An FDA advisory committee agreed North American Vaccine'scombined diphtheria, tetanus and acellular pertussis (DTaP) vaccine,called Certiva, was safe and effective for infants and children, butdiscussion of some data apparently worried investors, causing thestock to drop 13 percent Wednesday.

The genetically engineered acellular pertussis component of thechildhood vaccine was developed as a safer substitute for the whole-cell version, which can produce side effects. The DTaP vaccines areexpected to replace the traditional DTP shots given to youngsters infive doses, one at two months, four months, six months, 15-18months and four to six years.

North American Vaccine, of Beltsville, Md., is one of fourcompanies making a DTaP vaccine. Connaught Laboratories Inc., ofSwiftwater, Pa., a subsidiary of Rhone-Poulenc Group in Paris, hasthe only FDA-approved DTaP vaccine, called Tripedia, on the

In addition to North American, other companies with DTaP vaccinesunder review by the FDA are SmithKline Beecham plc, of London,Chiron Corp., of Emeryville, Calif., and Wyeth-Lederle Vaccines andProducts, of Radnor, Pa., a division of American Home ProductsCorp., of Madison, N.J.

The FDA's Vaccines and Related Biological Products AdvisoryCommittee Tuesday recommended North American's Certiva for usein children at two months, four months, six months and 15-18months.

Data on use of a consecutive fifth dose of Certiva was not availablebecause North American began its studies in 1991 and the firstchildren enrolled had not reached the appropriate age prior to filingfor FDA review.

However, the FDA advisory panel said Certiva was safe and effectiveas a fifth dose for children who received four previous DTPvaccinations with whole-cell pertussis components based on datafrom more than 200 youngsters.

The confusion, said North American President Sharon Mates, arosein discussion of the effectiveness of a fourth Certiva administrationfollowing inoculation with three whole-cell pertussis vaccinations.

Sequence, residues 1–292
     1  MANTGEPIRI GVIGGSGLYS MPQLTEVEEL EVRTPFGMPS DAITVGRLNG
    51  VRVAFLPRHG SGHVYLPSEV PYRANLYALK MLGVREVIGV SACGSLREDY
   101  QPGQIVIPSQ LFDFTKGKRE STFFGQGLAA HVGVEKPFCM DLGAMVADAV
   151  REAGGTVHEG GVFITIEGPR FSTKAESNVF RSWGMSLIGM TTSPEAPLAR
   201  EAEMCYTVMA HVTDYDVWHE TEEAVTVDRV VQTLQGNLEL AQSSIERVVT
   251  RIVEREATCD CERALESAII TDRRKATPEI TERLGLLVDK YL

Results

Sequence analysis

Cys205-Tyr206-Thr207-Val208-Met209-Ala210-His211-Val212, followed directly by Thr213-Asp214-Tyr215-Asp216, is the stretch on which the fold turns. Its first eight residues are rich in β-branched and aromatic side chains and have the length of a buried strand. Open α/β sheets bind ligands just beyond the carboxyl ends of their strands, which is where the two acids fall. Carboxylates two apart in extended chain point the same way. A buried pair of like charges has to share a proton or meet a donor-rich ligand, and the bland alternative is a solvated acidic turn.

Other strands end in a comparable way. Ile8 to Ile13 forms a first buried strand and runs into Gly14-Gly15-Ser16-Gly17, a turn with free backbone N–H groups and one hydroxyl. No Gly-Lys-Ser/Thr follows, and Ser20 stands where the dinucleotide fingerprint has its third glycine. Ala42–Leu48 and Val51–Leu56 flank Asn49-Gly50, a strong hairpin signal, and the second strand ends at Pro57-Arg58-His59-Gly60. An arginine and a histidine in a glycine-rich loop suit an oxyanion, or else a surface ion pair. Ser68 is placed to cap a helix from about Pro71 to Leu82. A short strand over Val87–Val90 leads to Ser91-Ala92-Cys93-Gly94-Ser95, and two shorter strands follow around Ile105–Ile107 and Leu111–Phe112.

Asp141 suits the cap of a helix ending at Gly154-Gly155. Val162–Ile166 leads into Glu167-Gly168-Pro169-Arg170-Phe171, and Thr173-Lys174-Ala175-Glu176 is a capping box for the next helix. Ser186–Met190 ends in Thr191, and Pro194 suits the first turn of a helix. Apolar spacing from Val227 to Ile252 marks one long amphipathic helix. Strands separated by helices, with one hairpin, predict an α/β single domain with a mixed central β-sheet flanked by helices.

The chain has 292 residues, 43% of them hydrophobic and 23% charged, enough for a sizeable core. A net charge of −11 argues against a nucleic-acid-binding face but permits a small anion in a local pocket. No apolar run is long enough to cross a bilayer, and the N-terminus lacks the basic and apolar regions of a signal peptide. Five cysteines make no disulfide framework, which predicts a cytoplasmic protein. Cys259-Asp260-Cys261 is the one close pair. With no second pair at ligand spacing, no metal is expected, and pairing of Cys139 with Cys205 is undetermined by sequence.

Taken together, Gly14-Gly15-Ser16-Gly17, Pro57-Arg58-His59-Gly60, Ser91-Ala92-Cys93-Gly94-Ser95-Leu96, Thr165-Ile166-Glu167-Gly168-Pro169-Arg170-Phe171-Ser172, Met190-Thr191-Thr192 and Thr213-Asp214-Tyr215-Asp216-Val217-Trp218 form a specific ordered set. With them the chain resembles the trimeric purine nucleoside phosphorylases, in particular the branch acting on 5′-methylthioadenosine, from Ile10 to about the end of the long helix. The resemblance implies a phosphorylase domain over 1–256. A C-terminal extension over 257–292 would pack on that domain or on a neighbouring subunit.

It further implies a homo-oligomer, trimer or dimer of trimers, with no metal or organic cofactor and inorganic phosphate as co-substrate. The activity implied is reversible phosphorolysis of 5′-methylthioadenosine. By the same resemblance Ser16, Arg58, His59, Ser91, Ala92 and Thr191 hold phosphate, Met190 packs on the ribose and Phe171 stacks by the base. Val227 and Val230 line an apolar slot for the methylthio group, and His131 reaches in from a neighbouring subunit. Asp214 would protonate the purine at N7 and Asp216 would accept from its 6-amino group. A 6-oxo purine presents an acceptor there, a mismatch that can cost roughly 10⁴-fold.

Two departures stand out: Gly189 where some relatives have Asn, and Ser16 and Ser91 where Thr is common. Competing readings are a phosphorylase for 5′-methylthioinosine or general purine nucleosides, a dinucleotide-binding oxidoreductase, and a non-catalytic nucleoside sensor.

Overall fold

The company submitted data from 42 patients demonstrating Certiva,following three traditional DTP administrations, was safe andeffective. But some panel members questioned whether enoughsubjects had been evaluated to draw broad conclusions oneffectiveness of Certiva as a fourth dose.

Mates said North American will continue to supply results fromongoing trials of Certiva, but she added the FDA advisory group didnot say the company was required to file more data to achieveapproval of Certiva.

Concern over the possibility of a delay in clearance of the vaccine,which would be North American's first product on the U.S. market,apparently contributed to the stock's decline Wednesday, the dayafter the advisory panel review.

North American ended the day at $21.125, off $3.125.

Some analysts, however, said they expect FDA approval of Certiva inthe next three months. North American's marketing partner forCertiva is Abbott Laboratories, of Abbott Park, Ill.

The FDA advisory panel also recommended Certiva for use withpolio, Haemophilus influenza type b, hepatitis B and measles-mumps-rubella vaccines.

Certiva has been approved in Sweden and Denmark. n

-- Charles Craig

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